Continuing high demand for beef likely stems from consumers who are using their leftover gasoline money at the grocery counter, says Matt Bennett, Bennett Consulting.
“I think demand is fairly good,” Bennett tells Tyne Morgan on the “AgDay” Agribusiness Update segment. “One thing I always look at that we learned in college is that whenever fuel prices are low, beef demand is usually pretty darn good. That’s exactly what I think is going on.”
Entering the grilling season, cattle and hog producers should be aware of how market conditions can shape price direction, Bennett says. Higher pork prices at retail could increase demand for beef.
“Whenever we’re looking at pork … [and] prices rally and we’re making a little bit more money than normal, the normal thing to do is to expand production just a little bit,” Bennett says. “On farther down the line, I would be a little bit cautious as a pork producer to get too awful bullish in this timeframe. Then as a cattle producer, I need to be cognizant of the fact that the thing we’re competing with the most, really, it’s rallied quite a bit and it’s going to be more expensive on the market going into grilling season. I think we’re going to have pretty strong demand for beef.”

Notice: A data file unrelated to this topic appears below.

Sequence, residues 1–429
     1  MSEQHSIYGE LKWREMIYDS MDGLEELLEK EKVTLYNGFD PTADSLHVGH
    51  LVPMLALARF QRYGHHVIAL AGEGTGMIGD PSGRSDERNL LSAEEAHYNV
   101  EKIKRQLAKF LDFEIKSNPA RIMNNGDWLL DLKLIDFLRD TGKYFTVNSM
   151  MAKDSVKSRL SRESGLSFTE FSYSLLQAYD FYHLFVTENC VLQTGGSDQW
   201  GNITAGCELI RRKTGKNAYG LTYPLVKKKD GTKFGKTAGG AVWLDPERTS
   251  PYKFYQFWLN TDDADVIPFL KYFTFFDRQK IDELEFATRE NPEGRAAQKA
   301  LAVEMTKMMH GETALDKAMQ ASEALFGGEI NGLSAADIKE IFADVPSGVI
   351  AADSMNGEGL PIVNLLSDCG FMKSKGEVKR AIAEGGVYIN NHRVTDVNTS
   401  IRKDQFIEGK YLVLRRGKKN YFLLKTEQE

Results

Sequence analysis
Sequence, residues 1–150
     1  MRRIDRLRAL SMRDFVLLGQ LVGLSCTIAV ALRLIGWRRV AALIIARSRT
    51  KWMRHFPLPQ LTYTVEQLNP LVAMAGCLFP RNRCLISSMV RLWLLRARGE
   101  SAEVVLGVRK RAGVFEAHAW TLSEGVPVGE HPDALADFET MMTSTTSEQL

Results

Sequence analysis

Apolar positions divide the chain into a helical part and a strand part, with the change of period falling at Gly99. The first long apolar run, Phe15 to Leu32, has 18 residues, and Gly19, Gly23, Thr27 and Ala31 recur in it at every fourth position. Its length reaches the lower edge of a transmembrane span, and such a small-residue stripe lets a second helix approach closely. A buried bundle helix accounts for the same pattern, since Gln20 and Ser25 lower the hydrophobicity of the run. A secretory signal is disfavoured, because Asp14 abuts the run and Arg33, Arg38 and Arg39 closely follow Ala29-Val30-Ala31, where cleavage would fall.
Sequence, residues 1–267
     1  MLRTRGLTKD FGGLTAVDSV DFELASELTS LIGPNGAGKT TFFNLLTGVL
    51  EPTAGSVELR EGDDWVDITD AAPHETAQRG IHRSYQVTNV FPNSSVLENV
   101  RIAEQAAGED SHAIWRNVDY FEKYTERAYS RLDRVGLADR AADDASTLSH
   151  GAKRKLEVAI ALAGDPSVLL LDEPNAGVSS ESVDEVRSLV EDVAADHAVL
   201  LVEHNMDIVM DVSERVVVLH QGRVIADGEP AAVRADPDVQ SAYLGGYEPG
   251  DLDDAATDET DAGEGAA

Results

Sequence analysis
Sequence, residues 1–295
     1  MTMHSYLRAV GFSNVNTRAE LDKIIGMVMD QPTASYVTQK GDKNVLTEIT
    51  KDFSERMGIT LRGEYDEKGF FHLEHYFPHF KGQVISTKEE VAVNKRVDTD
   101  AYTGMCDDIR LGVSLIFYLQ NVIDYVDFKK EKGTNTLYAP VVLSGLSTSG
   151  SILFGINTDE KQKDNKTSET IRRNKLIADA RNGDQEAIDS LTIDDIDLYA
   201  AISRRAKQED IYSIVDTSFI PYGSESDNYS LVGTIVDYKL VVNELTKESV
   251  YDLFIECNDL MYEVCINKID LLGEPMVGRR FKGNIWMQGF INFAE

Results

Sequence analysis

Prices will reflect the cyclical nature of the cattle market.
“With fats, we were telling guys once we got into that $140 area, we were going to be pretty comfortable,” Bennett says. “But the problem is you’ve got a huge inverse in the market. Are we going to get back into the $140s, let alone $130 after seeing cattle back off this week? I do think that’s a definite possibility, but I don’t want to get real stingy with the market because cattle are so cyclical. It’s going to be tough with higher placement and total cattle numbers to get a cyclical cattle trader to want to go to new all-time highs again.”
Meanwhile, heavier cattle weights remain in vogue.
“Placements are still pretty good, and weights haven’t backed off quite as much as what we would like to see,” Bennett explains. “I’m not so sure if feed costs don’t rally a whole lot that guys aren’t going to continue with some pretty heavy weights going into 2016. I do think that there’s still a fair amount of supply available.”
Click the play button below to watch the complete "AgDay" interview with Bennett.